Personally, though, while I have used fig-8s as widely spaced outriggers in occasional situations where I needed to minimise pickup of lateral sources or reflections, I've not found any near-spaced stereo array configuration that works for fig-8s. It really is pretty much XY (or the MS equivalent) or nothing!

The classic Blumlein (or Stereosonic) configuration does seem to give a wonderful sense of front-back depth that is quite hard to achieve with other arrays -- assuming the room acoustics are suitably sympathetic. That said, though, I rarely use a 90 degree mutual angle, usually favouring a narrower angle of between 65 and 80 degrees... or better still, set them up in an MS configuration where it's possible to dial in the optimal equivalent mutual angle at will!

* Michael's superbly informative books on stereo (and multichannel) mic arrays are reviewed here:https://www.soundonsound.com/reviews/microphone-arrays-stereo-multichannel-sound-recording

And you can get a taste of the content from an article available for free on the Mic Data website here: https://www.microphone-data.com/media/filestore/articles/Stereo%20zoom-10.pdf (although this one doesn't include the SRA charts for fig-8 arrays).
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Re: Figure of Eight Microphones in Near Co-incident Stereo Arrays

Postby Bob Bickerton » Mon Nov 30, 2020 8:21 pm

Thanks Hugh, I’ll abandon the notion.

Interesting that AEA quite strongly promote the concept of ORTF N8s on their website https://www.aearibbonmics.com/how-to-record-string-wood-brass-sections-and-orchestras-with-the-n8/ and even talk about a bespoke ORTF mounting kit for them.

I’ll just have to rough it with my TLM193s ;)

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Re: Figure of Eight Microphones in Near Co-incident Stereo Arrays

Postby Hugh Robjohns » Mon Nov 30, 2020 9:05 pm

Oh dear... That's tough if you've only got the 193s... :lol:
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Re: Figure of Eight Microphones in Near Co-incident Stereo Arrays

Postby Bob Bickerton » Thu Dec 03, 2020 9:29 am

Just re-read the article on the The Gerzon Array in the November issue, which sounds like it might be worth a crack, though I'm guessing my MKH8040s might be a better choice than the TLM193s.

I like the idea of experimenting with the 'Shuffle' technique explained in the article, working the mics closer than ORTF and then opening things up a bit in post, but I'm also thinking the N8s may work as the outrigger A/B pair instead of omnis - maybe not.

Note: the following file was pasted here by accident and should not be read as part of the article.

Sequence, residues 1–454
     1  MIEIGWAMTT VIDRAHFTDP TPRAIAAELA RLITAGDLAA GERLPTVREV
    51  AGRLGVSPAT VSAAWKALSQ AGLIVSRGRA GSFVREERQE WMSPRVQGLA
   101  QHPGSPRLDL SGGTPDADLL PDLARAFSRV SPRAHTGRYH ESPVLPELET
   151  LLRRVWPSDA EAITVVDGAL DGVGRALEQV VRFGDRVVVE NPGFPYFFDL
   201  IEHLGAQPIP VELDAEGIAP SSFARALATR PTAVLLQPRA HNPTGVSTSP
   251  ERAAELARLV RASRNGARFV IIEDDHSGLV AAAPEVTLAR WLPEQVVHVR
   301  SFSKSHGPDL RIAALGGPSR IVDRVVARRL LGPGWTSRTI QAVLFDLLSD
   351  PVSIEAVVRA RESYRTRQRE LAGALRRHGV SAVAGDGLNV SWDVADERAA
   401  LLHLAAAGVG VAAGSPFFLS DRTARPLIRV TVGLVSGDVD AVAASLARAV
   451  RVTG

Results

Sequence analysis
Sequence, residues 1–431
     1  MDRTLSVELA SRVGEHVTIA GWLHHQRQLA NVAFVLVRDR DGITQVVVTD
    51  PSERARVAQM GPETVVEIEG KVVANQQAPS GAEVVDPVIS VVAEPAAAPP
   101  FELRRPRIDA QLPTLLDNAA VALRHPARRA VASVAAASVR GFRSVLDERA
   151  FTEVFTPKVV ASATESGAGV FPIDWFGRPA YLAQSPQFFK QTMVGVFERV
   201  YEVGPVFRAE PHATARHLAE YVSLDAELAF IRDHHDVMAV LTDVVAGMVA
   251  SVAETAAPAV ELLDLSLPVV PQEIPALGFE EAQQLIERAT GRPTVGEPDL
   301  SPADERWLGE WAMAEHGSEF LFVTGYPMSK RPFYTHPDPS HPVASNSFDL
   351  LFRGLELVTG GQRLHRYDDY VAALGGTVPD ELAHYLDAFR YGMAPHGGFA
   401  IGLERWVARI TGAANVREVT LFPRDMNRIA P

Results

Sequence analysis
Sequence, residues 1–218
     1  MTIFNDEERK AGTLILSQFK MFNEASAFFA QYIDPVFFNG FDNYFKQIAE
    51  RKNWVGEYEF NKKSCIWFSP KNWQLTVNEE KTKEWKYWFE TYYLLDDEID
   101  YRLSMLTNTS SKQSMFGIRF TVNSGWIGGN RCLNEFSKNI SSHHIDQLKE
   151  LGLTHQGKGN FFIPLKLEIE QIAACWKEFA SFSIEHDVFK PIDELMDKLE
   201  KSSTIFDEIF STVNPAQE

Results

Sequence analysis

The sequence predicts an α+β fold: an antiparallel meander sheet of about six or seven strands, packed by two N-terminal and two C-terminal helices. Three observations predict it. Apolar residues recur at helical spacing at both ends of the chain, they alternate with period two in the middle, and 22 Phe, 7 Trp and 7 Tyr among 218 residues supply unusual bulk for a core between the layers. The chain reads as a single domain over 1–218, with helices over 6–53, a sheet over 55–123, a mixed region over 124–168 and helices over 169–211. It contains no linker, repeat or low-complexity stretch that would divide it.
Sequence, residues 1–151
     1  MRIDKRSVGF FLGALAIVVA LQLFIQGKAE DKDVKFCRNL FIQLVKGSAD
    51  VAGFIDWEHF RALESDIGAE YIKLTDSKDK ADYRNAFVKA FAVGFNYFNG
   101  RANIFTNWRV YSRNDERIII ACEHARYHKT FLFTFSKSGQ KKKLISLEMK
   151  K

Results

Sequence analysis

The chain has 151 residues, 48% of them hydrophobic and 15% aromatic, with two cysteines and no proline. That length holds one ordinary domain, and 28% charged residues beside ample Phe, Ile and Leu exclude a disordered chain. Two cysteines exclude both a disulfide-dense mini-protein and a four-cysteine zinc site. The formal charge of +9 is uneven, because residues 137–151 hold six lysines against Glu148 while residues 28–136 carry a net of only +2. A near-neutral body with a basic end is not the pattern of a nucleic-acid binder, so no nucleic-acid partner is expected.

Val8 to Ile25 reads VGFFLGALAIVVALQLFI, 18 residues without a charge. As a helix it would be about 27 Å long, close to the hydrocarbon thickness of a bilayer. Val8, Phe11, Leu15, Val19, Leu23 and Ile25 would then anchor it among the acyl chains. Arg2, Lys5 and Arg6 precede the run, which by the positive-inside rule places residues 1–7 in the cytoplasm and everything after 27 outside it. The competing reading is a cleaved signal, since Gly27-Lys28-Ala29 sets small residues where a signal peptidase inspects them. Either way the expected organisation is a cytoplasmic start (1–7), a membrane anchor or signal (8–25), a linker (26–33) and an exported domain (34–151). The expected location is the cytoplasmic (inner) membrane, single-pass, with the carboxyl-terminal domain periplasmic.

Up until my recently failed experiment I was using a standard ORTF rig with Omni outriggers, which has sometimes been described as one of the Faulkner arrays. However, one reason I was keen to explore the figure of 8s was to enjoy a sense of room, but to attenuate some of the ceiling to floor reflections.

Also, in reading up several old posts, you seem the be quite skeptical of the Faulkner array Hugh, even though Tony seemed to be using it on quite a regular basis at one point, and not just in a specific difficult acoustic (as can be read in the original 1981 article, the pages of which can be found scattered here: http://www.sengpielaudio.com/TonyFaulknerPhasedArray06.htm).

I'd have thought his concept of summing left and right channels to a mono bus and adding some in for more focus (Zoom?) might give some options in post, but I haven't tried it, so maybe there are deficiencies with this approach.

Anyway I should have the opportunity to experiment somewhat for a Festival I'm recording in February as we have 4 days of rehearsals leading in - and yes, I'll probably revert to the ORTF/AB set up.

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Re: Figure of Eight Microphones in Near Co-incident Stereo Arrays

Postby Aled Hughes » Thu Dec 03, 2020 9:52 am

I started a similar thread a while ago, some interesting insights from Hugh here too: https://www.soundonsound.com/forum/view ... 13#p691110
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Re: Figure of Eight Microphones in Near Co-incident Stereo Arrays

Postby Bob Bickerton » Thu Dec 03, 2020 10:52 am

Yes, interesting thread that one.

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Re: Figure of Eight Microphones in Near Co-incident Stereo Arrays

Postby Hugh Robjohns » Thu Dec 03, 2020 12:05 pm

Bob Bickerton wrote:I'm guessing my MKH8040s might be a better choice than the TLM193s.

Definitely. The mics are angled very widely, so you need high sensitivity and a flat response well around to the sides. So SDCs are a much more appropriate choice.

The 'Gerzon' array as I called it is an interesting application of cardioids, and makes a change from 'ORTF with everything'.... I wouldn't rate it as a favourite of mine, but it has some useful properties, particularly in terms of its imaging.

I like the idea of experimenting with the 'Shuffle' technique...

Shuffling is a fascinating thing and can work wonders... and these days it's fairly straightforward to do without causing more harm than good (which was always the limitation in early analogue attempts). There are some good explanations and demos here: http://www.phaedrus-audio.com/intro_to_shuphlers.htm

Also, in reading up several old posts, you seem the be quite skeptical of the Faulkner array Hugh, even though Tony seemed to be using it on quite a regular basis at one point...

Tony has massively more experience, and better ears, than me, so I'm quite sure he managed to make great recordings with it. As always, it comes down to whether the benefits of the array in a specific situation outweigh the inherent deficiencies of it.

http://www.sengpielaudio.com/TonyFaulknerPhasedArray06.htm).